Select the Right Representative

If you’re setting up a will, you will need to choose an executor for said will. If you’re setting up a trust (or several trusts), you will need a trustee to manage said trust after your passing.  All these choices require the right people – and it can be difficult to choose, especially when you feel your children are not ready. While it not usually recommended, you can choose a non-family individual to manage your will or trust, so long as the relationship between you is more than monetary. A strong bond of trust is recommended in these matters.

It is wise to assign a durable power of attorney for your finances and assign a health care proxy should you be incapacitated, to ensure that, should you land in a coma or otherwise be alive yet unable to make decisions, your family can continue to take care of your assets and responsibilities, as well as follow your will in health care matters.

Get Legal Documents/Paperwork Reviewed

No estate plan is finalized without a thorough read-through. To ensure your estate plan is cohesive, efficient, and effective, it’s best to go over it all again with a local estate planning expert, so you can lay your worries to rest. Even minor mistakes and tiny clerical errors can be blown out of proportion when the time comes, costing your estate and your family large amounts of money in legal fees to get things sorted out.

Yes, going to a professional can cost you. But especially when it comes to estate planning, thinking in the long term is necessary. Most people with erroneous estate plans tend to pay out more to fix their mistakes than preemptively pay for a professional plan to begin with.

While it is never recommended, it is possible to build an estate plan on your own. Many people with modest and simple estates can find the information they need to set up an estate plan online, and in books. However, it does not hurt to confirm your paperwork anyway – estate laws and tax laws update every few years, and every state has its own probate code and specific estate laws. Therefore, it’s important to seek out local experts in person, rather than asking a lawyer from a different state or through an online resource – the nuances in estate laws between states can make or break your plan.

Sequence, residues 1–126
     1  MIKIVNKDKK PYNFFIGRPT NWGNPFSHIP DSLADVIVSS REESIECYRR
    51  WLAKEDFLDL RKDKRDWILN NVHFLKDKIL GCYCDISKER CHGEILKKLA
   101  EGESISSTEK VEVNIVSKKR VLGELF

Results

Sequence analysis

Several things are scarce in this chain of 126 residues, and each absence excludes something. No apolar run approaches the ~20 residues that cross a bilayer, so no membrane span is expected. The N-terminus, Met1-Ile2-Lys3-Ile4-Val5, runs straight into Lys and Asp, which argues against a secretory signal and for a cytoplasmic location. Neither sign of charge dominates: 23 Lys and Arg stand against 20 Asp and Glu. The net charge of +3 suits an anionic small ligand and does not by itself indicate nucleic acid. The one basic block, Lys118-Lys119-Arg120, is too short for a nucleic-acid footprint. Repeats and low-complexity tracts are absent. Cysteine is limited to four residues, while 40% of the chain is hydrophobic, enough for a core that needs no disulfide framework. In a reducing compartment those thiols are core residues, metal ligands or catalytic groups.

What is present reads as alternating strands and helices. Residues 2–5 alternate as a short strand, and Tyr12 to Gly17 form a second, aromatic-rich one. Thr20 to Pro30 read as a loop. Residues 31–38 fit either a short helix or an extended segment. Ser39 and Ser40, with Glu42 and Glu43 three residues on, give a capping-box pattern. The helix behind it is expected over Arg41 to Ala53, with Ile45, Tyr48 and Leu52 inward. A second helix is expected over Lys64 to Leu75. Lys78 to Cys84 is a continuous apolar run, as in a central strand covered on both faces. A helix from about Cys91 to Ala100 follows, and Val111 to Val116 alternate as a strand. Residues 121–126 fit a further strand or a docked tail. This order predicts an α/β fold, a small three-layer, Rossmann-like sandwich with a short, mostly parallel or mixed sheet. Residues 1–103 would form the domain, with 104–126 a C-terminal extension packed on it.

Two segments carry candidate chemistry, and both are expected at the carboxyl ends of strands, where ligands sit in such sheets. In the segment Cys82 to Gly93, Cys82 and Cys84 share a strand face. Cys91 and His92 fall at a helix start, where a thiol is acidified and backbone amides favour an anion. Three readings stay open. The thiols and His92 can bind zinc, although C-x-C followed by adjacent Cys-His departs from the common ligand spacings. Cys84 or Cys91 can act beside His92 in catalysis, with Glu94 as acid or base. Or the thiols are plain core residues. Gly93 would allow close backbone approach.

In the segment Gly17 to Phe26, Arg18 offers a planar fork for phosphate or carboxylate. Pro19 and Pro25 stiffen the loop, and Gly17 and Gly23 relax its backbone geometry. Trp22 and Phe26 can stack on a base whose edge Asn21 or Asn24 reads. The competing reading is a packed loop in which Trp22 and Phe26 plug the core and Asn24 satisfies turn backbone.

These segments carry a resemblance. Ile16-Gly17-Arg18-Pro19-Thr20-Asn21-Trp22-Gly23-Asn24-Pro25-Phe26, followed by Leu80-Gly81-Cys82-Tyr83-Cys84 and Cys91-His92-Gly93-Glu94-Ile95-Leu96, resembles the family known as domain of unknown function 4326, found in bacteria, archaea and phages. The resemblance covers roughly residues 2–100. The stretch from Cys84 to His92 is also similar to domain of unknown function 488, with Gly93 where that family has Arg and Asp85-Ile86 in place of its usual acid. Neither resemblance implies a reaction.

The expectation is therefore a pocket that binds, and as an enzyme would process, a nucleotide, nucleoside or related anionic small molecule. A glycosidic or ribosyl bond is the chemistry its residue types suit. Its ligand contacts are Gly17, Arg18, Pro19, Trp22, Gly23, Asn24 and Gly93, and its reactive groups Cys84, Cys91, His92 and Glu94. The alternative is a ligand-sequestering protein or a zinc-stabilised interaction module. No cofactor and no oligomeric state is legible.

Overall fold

If your estate is much more complicated, with multiple beneficiaries across state lines and assets all over the country, with various ownership statuses, then getting a professional estate plan is a necessity.

Once everything is said and done, remember that estate planning is not the sort of thing you do once in a lifetime. Ideally, consider updating your estate plan once a year, and once more for any important updates (deaths, births, marriage/divorce, familial fallout, etc.). Keeping an up-to-date estate plan and a security measure like a pour-over will is important, to avoid probate and maintain a harmonious inheritance process.